The Epson WorkForce Pro WP-4590 color inkjet multifunction works quickly and uses cheap ink, but it isn't available through normal retail channels. It's aimed at large businesses that value service and a low total cost of ownership over a low purchase price. Priced at $500 (as of August 13, 2012), the WP-4590 comes with a three-year warranty and is sold only through VARs and other corporate channels. Consumers who are tired of PIB (Printers in Black) might also appreciate this unit's friendlier putty and light-gray coloring.
Accompanying the WP-4590 are the usual competent Epson software and driver installation routine. Since the machine has USB and ethernet, but no Wi-Fi (a bow to security concerns, per Epson), you will be tethered. The control panel sports a 2.5-inch LCD and the usual array of buttons, arranged in a classic and logical manner. If you've ever used an MFP before, you will encounter no learning curve here. The software includes Epson Scan for scanning and PaperPort 9 for OCR chores.
Paper-handling features on the WP-4590 are quite good. It has a 250-sheet tray on the bottom and an 80-sheet rear vertical feed. If that's not enough, you can buy an auxiliary 250-sheet bottom tray for a mere $100. For a laser printer you'd pay at least twice as much for such an accessory. Having the rear feed is especially nice for photos, since it permits the MFP to process heavier glossy paper with minimal bending. The rear feed also allows you to keep two types of paper loaded.
The WP-4590 has a 30-sheet automatic document feeder for scanning and copying longer documents, and it scans in duplex (via a refeed, not with dual-scanning elements). The lid for the letter/A4-size flatbed scanner telescopes about half an inch to accommodate thicker materials. The WP-4590 also supports automatic duplex printing.
The WorkForce Pro WP-4590 is the fastest inkjet we've tested recently, narrowly edging out its consumer-oriented WorkForce Pro WP-4540 cousin. Monochrome pages print at 12.6 pages per minute on the PC and 12.1 ppm on the Mac. Snapshot-size (4-by-6-inch) photos print at 6.2 ppm to plain paper and 1.7 ppm to glossy photo paper. Full page photos print at 0.7 ppm, and copies proceed into the output bin at 6.4 ppm.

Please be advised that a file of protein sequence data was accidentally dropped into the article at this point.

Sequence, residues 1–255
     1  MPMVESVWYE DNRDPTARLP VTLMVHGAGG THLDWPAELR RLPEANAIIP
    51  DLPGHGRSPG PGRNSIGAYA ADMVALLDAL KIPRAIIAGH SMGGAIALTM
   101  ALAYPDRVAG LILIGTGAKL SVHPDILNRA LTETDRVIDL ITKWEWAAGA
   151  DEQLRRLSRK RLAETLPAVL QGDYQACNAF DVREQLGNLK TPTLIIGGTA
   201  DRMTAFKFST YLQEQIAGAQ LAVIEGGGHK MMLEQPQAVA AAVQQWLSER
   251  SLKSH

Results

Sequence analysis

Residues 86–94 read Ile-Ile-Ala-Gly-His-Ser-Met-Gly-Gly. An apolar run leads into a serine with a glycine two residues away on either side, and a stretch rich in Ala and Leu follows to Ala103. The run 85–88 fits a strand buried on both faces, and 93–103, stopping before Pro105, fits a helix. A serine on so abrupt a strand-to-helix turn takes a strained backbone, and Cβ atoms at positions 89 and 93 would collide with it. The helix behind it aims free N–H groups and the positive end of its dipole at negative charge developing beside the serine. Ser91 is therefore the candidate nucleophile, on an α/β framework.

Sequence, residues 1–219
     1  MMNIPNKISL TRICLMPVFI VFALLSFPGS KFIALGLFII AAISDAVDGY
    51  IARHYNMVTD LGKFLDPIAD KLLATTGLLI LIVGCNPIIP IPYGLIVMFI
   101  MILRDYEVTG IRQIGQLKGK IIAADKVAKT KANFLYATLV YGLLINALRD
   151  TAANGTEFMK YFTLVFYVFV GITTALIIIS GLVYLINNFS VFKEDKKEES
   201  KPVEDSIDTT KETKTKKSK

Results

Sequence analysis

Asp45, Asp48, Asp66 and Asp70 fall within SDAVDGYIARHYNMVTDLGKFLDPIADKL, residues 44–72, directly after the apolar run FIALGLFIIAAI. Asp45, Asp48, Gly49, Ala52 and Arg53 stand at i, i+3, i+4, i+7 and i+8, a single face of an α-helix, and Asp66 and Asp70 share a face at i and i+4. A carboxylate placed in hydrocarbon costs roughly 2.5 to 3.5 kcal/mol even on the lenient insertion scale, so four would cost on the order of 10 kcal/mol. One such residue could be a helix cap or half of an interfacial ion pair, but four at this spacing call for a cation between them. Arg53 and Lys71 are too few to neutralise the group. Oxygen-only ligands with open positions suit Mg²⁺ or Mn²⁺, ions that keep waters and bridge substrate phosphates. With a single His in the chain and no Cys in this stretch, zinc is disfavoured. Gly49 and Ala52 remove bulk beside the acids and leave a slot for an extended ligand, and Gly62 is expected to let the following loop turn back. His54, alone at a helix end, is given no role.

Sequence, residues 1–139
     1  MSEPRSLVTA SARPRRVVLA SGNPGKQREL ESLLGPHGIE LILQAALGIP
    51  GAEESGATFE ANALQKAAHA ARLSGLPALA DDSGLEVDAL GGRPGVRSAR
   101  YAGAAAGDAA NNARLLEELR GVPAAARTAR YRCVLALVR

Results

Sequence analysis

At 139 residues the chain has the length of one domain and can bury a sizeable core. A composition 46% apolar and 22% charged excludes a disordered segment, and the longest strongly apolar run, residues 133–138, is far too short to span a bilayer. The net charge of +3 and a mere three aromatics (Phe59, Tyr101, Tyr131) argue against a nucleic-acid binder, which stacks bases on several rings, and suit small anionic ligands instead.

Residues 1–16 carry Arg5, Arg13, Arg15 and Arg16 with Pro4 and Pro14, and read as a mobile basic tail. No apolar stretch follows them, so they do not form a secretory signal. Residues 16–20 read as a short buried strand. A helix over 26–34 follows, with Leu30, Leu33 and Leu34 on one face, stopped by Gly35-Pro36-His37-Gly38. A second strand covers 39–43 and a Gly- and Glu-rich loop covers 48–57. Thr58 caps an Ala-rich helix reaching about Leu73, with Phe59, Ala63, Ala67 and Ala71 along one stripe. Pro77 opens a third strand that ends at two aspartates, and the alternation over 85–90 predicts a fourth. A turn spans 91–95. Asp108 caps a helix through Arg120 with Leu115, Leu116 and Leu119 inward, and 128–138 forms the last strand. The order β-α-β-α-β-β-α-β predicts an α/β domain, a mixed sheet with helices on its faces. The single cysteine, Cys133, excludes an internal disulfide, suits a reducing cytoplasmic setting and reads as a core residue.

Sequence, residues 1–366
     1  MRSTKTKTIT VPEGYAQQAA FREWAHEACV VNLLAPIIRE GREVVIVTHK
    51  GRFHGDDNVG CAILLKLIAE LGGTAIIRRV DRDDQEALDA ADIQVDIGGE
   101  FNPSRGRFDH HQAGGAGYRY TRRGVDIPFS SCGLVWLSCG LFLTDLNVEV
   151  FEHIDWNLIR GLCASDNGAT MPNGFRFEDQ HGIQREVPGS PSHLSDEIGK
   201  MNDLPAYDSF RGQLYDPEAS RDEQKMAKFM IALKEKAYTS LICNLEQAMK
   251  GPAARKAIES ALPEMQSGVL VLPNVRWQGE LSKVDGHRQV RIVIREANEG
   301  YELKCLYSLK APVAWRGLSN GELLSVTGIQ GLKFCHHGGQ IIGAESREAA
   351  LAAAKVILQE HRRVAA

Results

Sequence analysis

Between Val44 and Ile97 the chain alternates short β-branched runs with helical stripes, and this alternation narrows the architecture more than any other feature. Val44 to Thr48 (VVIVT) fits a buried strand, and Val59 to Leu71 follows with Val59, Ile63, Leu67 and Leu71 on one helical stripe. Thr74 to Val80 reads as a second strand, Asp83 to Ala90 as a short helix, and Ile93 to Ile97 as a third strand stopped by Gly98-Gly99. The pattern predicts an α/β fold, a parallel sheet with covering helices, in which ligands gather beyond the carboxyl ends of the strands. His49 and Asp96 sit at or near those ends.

The corporate-oriented WP-4590 may be pricier than small-business inkjet multifunctions, but its ink costs are outstandingly low. The unit ships with starter cartridges: a 1000-page black, and 900-page cyan, magenta, and yellow. The 676XL retail replacements are $38.49 for the 2400-page black and $24.49 for the 1200-page cyan, magenta, and yellow cartridges. That works out to 1.6 cents per page for black, and 6.1 cents per page total for color. A four-color page would cost a bargain 7.7 cents. The extra-high-capacity 711XXL cartridges listed on Epson's website are slated to be available only through commercial channels rather than retail. Based on the suggested pricing that Epson provided to us, black will cost 1.6 cents per page and each color will cost 1.7 cents per page, for an even lower four-color cost of 6.8 cents per page.
In our tests, output from the WP-4590 was typical Epson--that is to say, quite good. Text appeared sharp and black, and very close (though not quite equal to) laser output when we used its highest-quality setting. Color graphics were good, looking a tad washed out on plain paper, but coolly accurate when we switched to glossy photo paper. Of course, as an inkjet, the WP-4590 is capable of handling thicker photo papers.
Epson rates the WP-4590 for 1650 pages per month. That's the recommended number, not the industry's absurd duty-cycle rating, which people generally ignore these days. Still, 1650 pages is a fair amount of printing.
The Epson WorkForce Pro WP-4590 is a nice, inexpensive alternative to a low-end color laser MFP for smaller corporate workgroups. It's fast enough for most scenarios, supply costs are outstandingly low, and its long warranty is better than what you'll get from a comparably priced laser.
This story, "Epson WorkForce Pro WP-4590: low-cost corporate laser alternative" was originally published by PCWorld.